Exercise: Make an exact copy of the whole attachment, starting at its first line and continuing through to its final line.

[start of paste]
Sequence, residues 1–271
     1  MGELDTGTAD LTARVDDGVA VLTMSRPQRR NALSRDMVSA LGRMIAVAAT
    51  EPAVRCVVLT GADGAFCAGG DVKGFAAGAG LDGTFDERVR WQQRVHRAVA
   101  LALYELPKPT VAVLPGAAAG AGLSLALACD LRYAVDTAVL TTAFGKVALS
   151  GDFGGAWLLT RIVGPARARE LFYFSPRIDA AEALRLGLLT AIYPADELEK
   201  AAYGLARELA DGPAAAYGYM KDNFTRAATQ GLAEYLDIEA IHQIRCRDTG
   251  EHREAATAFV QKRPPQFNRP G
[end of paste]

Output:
Sequence, residues 1–271
     1  MGELDTGTAD LTARVDDGVA VLTMSRPQRR NALSRDMVSA LGRMIAVAAT
    51  EPAVRCVVLT GADGAFCAGG DVKGFAAGAG LDGTFDERVR WQQRVHRAVA
   101  LALYELPKPT VAVLPGAAAG AGLSLALACD LRYAVDTAVL TTAFGKVALS
   151  GDFGGAWLLT RIVGPARARE LFYFSPRIDA AEALRLGLLT AIYPADELEK
   201  AAYGLARELA DGPAAAYGYM KDNFTRAATQ GLAEYLDIEA IHQIRCRDTG
   251  EHREAATAFV QKRPPQFNRP G